Before she passed away [3 years ago today], she started mulling over what she wanted us to have. She didn't have many "possessions" of financial importance, but she was very specific about a few things. She wanted my brother to have her piano. She wanted my sister to have her Tiffany [style] lamp, and the antique drum table of her mother's that it sat on. Because I lived in another state, across the country, the dilemma of what to leave for me weighed heavy on her mind. "Do you want your great-grandfather's writing desk? I don't know how you'll get it home." I said yes to the writing desk, assuring her that I could have it crated. But what I really had my eye on was that mixing spoon. So I told her that the spoon was all I really wanted.

"A mixing spoon? You want my mixing spoon?! You are crazy." Crazy is what she called you when she found your decision about something to be questionable.
That solidified what she had suspected for years. I was certifiable.

We didn't think she would last through the week, but she did. Man, she was a tough little bird, right till the end. I wanted to be there with her when she made her transition, but I couldn't be gone from work any longer, and had to return home to Chicago. I was packing my suitcase when I remembered to grab the spoon from the kitchen. My sister chuckled as I snagged my prize out of the 3rd drawer to the left of the sink. She totally "got it", and asked me if there was anything else from the kitchen I wanted. I pondered for a moment, and said "Yeah. The mixing bowl"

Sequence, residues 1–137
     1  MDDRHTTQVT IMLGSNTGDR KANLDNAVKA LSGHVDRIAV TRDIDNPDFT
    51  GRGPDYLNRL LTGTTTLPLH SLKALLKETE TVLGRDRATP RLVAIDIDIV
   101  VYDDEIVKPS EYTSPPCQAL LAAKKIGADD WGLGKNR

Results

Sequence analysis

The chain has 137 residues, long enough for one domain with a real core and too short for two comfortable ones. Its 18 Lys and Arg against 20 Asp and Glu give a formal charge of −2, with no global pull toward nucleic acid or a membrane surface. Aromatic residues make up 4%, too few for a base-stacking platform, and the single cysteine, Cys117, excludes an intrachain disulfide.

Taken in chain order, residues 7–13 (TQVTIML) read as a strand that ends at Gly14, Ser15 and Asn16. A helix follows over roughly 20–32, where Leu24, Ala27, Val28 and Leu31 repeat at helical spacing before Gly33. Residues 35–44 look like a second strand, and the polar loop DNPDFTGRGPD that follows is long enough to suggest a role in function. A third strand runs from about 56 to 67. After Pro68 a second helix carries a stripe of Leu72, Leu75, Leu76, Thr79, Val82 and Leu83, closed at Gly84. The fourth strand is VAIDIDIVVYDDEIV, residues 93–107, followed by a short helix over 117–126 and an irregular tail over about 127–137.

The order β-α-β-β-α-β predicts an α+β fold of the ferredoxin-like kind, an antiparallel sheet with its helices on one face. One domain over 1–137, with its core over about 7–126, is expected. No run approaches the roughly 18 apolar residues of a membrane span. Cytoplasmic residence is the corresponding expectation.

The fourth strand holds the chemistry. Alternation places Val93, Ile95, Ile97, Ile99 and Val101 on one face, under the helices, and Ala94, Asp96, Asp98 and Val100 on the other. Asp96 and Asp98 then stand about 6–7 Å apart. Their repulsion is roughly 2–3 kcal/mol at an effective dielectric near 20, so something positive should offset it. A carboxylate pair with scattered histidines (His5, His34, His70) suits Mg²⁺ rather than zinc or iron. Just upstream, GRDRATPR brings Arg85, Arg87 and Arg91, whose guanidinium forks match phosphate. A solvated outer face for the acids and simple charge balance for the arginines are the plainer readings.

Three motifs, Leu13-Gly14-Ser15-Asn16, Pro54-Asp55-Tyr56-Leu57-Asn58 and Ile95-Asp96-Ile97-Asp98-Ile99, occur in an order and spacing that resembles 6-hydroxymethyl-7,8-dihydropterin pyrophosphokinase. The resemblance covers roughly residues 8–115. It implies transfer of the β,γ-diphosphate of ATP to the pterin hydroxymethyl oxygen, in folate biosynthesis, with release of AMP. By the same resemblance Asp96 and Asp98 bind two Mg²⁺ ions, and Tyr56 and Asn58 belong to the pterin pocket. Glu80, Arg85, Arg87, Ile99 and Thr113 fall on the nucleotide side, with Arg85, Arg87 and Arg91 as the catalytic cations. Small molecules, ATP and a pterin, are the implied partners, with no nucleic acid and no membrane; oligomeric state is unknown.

"Can you get it in your suitcase?", she asked. We carefully padded it with clothes, and hoped it would survive the baggage handlers and carousel. It did.

Just as when she had it, almost every meal I prepare begins it's journey to the table in that big yellow bowl. I soak beans in it. Mix my meatloaf. Toss salads. And today, since she's so clearly on my heart, I think I'll bake some cookies. It is after all, Saturday.

Peanut Butter. They were her favorite. Mine too.

March 27, 2009


Her Grandmother Amelia Roberts was proprietor of the local General Store back in the 1920's, and her mother [the ever-fabulous Carol] is a Professor of Anthropology. This pedigree of self-propelled and smart women has indeed not skipped a generation! For Sonia Mott is a whirlwind of creative energy and thinking. So is it any wonder that while her Bachelor's is in Business Administration [with a major in marketing and a minor in Art History] that she 's also run her own much celebrated retail home decor store, in addition to having a highly successful career in Human Resources? If you know Sonia, it doesn't surprise you at all...